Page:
Donald (Don) Reid was born to a coal mining family at Joggins, Nova Scotia, on May 29, 1922, overlooking the fossil cliffs that he would one day help to make world famous. Forced to leave school at a young age to take his place in the mines after his father was injured, Don’s quest for learning never diminished over his 94 years. After the closure of the last mine in Joggins, Don worked at the Nappan Experimental Farm where he earned the deep respect of the chief Research Scientist. All this time, Don lived at Joggins, and whenever possible, walked the cliffs in search of fossils that he carefully collected and lovingly cared for. In 1989, his family supported his dream of opening a modest fossil centre on his property where anyone could come to share the experience of Don’s discoveries. Four years later, that same family support led to the opening on Main Street of the Joggins Fossil Centre. Over the next 18 years, visitors from more than 44 countries and virtually every province, territory and state in North America came through his doors to be introduced to the geological wonder of Joggins. As the significance of his collection grew and gained in reputation, he was visited by the world’s leading researchers in paleontology. Field trips of international geoscience conferences routinely came to his centre and he joined them on their explorations of the cliffs. Many students who worked with Don at the Centre during their summers were inspired by him and went on to become geologists in their own right.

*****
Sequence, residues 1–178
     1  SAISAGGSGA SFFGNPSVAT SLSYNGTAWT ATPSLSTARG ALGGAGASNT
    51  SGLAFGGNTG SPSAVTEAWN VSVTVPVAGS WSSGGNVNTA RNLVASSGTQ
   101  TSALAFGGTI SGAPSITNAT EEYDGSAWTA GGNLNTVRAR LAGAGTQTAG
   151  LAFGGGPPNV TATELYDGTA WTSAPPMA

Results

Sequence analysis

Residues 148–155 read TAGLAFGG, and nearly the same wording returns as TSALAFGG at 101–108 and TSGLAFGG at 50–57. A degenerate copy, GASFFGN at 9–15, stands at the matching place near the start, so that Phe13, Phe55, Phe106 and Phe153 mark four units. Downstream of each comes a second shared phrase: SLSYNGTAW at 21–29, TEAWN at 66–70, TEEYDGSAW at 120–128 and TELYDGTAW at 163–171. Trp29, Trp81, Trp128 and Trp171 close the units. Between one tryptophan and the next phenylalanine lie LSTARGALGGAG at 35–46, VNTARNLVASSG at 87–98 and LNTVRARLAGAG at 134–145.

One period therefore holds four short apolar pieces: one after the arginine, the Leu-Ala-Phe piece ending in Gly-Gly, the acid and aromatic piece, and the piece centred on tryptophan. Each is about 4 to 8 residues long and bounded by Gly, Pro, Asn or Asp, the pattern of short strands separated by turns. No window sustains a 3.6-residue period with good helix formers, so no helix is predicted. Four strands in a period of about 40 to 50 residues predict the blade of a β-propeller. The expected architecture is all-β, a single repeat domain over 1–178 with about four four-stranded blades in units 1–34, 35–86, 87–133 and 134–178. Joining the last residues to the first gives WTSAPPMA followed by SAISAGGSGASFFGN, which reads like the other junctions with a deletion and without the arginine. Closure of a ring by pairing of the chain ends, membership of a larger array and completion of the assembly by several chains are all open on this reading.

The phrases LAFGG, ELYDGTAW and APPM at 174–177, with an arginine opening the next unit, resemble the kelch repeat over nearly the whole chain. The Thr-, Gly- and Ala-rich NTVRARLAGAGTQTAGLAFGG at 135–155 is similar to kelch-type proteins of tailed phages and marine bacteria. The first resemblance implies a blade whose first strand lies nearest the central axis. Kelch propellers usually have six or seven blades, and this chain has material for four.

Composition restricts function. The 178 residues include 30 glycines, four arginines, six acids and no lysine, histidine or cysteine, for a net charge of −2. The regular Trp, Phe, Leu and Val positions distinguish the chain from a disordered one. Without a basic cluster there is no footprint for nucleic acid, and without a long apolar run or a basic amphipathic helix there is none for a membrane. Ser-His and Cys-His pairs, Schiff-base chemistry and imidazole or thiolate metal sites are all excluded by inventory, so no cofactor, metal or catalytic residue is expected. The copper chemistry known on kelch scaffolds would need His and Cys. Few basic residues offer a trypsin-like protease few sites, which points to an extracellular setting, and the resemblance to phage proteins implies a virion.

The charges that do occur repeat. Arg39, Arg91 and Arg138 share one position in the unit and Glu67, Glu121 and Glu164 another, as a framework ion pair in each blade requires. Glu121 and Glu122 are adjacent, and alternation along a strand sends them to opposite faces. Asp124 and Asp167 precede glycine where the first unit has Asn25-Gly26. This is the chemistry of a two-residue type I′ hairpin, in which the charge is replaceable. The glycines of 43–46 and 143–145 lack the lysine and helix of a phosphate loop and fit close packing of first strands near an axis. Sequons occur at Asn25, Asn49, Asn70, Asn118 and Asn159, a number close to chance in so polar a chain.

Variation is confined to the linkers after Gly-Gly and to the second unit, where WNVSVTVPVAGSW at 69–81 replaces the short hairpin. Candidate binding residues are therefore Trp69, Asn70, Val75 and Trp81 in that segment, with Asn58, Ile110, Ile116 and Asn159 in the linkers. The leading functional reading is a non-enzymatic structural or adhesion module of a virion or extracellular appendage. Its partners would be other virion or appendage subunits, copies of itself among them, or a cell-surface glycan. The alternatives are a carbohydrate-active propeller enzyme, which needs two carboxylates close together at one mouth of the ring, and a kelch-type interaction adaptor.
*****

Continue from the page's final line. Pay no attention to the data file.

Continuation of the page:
Throughout these years, Don’s fossil centre and tours were the only presence to greet the world’s visitors and to guide them along their journey of discovery at one of the world’s great fossil sites: he was Nova Scotia’s Ambassador. Soon, Don became known as the "Keeper of the Cliffs," a term that he accepted with deep pride.
His collection, 70 years in the making, is an unrivalled census of the biodiversity of the Coal Age, exceeding even that of Sir William Dawson’s in the nineteenth century. Included in that census is the most complete ‘catalogue’ of fossil footprints of the amphibians and reptiles (tetrapods) of the Coal Age, and unique discoveries including a rare relative of the dragonflies. In 2015, paleontologists announced that the largest known footprints of a Coal Age tetrapod would be named in his honour. The rich record of biodiversity represented in his collection was central to the nomination of the Joggins Fossil Cliffs as a UNESCO World Heritage Site in 2008. As a new centre in support of the UNESCO nomination was being developed, Don made the selfless act of bequeathing his collection that he had cared for and grown for more than seven decades, to the new Joggins Fossil Centre, so that they could be enjoyed by all who visit this unique Nova Scotian and world-famous site for years to come.
The deep respect in which he is held by the geoscience community led the Atlantic Geoscience Society to amend their award of Distinguished Service to include those rare individuals who have made a lasting contribution to the geological understanding of our region regardless of official education. Don Reid was awarded the honour in 2013.
On October 12, 2016, Don was invested into the Order of Nova Scotia with the support of family and his strong ties within the geology community. On November 17, 2016, this quiet humble man who spent his life sharing the wonders of his beloved fossil cliffs passed away peacefully to be remembered by many.